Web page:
Monday, June 26, 2006

The 2006 Red Sox, a Team Built on Pitching and Defense?

Quoting myself from this blog on March 1st, 2006 “If you take the aggregate 2005 numbers for the Red Sox and then assume no decrease from the returning players and add the 2005 numbers of players we have acquired and assume no drop in production, we should be about the same team offensively in 2006 as 2005.”

How they’re doing so far:


















A slight improvement in the core offensive stats but a slight decrease in the offensive “efficiency” or the amount of runs produced from those stats. It’s been pretty much what I would have expected, a pretty similar offensive team to last year despite the huge lineup turnover. That comes with a caveat though: individually I so far would have greatly over-estimated Varitek’s numbers and somewhat under-estimated Lowell and Youkilis’ production. Thankfully those things have evened out though and made me look relatively smart compared to some other prediction tools. One example is that I think so far I’ve beaten Diamond Mind, the highly advanced predicting tool found here. And also the writers at Baseball Prospectus, who stated in their 2006 issue that “Even with Manny and Ortiz still in the fold, the 2006 team is likely to decline on offense, so improvements in pitching and defense represent the club’s most likely path to the playoffs”.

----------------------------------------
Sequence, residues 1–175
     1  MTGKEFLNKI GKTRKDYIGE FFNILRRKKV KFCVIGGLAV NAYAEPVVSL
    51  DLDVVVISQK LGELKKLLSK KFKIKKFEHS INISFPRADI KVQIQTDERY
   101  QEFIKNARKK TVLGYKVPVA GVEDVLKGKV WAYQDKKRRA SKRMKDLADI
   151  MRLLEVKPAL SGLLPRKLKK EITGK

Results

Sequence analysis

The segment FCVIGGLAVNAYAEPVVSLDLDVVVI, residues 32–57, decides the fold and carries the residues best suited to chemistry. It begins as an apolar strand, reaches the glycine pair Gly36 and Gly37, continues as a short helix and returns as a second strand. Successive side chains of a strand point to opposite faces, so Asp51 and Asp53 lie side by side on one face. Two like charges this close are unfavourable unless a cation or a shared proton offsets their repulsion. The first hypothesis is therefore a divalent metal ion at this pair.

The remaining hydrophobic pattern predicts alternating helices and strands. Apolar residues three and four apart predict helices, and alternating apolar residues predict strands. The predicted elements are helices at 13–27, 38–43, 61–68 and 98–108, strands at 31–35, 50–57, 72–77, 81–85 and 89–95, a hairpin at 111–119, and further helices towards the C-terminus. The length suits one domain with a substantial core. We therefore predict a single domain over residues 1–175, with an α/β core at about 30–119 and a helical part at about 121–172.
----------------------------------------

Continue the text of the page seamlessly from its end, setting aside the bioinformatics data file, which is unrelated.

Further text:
As anticipated though we’re still filling the bases with runners and sometimes even scoring them despite productive outs! That’s not to say that they haven’t improved greatly on defense and somewhat on pitching so far as well to become a more well-rounded team. Pure and simple what has (and will continue to) contributed to the Red Sox not from running away with a playoff spot is that there’s so many more talented teams to match up against in the AL now. (This is especially apparently when looking at the disparity in talent compared to the NL). With the Yankees, Blue Jays, White Sox, Tigers, and A’s all doing well so far, it’s not going to be easy to play in October. And that’s not even including the Twins (who would easily make the playoffs in the NL), the Indians, who despite greatly underperforming to expectations so far still have an incredible lineup, and the Rangers, who have also played quite well.

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